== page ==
A unique Yukon wedding aboard a steamer bound for Whitehorse.
When we found this photo in 2000 in our great-uncle Frank Foster’s collection in the Yukon Archives, we wondered what was going on. Frank left Yorkshire, England, and went north for the Klondike gold rush, staying to prospect, trap, and make a life. He died in Old Crow, Yukon, in 1950.
Frank was an avid photographer. Most of his photos were of his Gwich’in family and friends out on the land, but this one was a mystery. Who were these people, and what were they celebrating?
We recently found an issue of the Whitehorse Star, dated June 26, 1925, that had been kept by a family member. It contains the following notice: “Married: Foster-Mason — On the steamer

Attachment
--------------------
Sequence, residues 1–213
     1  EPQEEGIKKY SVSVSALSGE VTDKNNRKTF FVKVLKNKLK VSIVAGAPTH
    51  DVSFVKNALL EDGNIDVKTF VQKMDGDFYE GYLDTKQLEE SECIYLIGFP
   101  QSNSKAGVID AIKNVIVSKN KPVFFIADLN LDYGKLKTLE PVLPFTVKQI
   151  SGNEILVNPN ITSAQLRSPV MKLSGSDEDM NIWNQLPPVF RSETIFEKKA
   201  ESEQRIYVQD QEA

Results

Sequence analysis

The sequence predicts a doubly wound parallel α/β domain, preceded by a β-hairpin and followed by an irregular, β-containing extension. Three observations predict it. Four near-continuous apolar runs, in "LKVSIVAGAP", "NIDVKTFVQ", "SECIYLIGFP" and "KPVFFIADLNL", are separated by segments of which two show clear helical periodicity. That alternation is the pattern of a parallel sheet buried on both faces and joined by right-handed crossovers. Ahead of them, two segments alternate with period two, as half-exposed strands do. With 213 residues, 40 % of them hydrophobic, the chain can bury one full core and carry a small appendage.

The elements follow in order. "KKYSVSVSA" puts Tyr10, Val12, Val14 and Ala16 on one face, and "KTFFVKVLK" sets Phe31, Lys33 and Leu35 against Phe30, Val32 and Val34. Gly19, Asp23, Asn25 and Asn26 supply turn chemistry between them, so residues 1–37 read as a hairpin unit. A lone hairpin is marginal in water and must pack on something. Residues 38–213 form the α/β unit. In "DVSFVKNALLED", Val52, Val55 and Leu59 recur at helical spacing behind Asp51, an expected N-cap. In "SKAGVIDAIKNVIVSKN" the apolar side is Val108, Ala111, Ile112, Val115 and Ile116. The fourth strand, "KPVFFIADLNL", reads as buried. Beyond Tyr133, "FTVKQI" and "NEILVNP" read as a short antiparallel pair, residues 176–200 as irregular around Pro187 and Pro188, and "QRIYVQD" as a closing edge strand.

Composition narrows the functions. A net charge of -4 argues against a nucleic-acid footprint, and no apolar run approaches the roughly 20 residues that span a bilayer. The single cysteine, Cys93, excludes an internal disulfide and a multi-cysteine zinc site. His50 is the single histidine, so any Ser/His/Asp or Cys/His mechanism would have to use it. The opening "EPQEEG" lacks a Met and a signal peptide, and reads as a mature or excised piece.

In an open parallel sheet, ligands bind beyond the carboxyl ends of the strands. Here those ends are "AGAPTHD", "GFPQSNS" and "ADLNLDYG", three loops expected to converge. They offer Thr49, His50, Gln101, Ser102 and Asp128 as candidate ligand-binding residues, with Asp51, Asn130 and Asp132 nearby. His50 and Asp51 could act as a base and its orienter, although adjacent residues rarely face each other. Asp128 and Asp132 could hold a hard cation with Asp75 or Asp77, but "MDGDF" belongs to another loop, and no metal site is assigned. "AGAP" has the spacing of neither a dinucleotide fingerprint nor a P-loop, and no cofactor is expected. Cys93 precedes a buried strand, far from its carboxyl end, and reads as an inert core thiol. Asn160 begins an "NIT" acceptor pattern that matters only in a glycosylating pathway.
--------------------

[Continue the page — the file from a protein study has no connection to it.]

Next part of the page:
Casca enroute to Whitehorse June 22nd, A.R. Foster, of San Francisco and Bradford, Yorkshire, to W. Mason, of Fort Yukon, Alaska, Dr. A.E. Hubbard of Buffalo, NY, officiating.”
What could this mean? A.R. Foster was not Frank (who had clearly been the photographer), and the man on the left has to be great-uncle Arnie. But Arnie had never married.
An answer came from an elderly relative in England, who remembered being told as a child that the marriage announcement was a hoax! Arnie and W. Mason (also a man) decided to go through a fake shipboard marriage and got the captain to marry them. Anyone who would have known more about the occasion is now long dead.